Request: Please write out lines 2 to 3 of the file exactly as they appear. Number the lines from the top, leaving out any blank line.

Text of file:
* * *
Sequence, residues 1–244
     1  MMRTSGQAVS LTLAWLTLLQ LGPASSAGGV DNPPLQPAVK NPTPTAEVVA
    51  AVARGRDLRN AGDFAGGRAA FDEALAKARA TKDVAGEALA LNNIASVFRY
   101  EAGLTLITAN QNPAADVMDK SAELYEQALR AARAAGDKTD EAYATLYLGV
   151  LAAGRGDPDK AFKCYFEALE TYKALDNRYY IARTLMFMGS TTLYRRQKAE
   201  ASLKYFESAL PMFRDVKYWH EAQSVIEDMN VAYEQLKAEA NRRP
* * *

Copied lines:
     1  MMRTSGQAVS LTLAWLTLLQ LGPASSAGGV DNPPLQPAVK NPTPTAEVVA
    51  AVARGRDLRN AGDFAGGRAA FDEALAKARA TKDVAGEALA LNNIASVFRY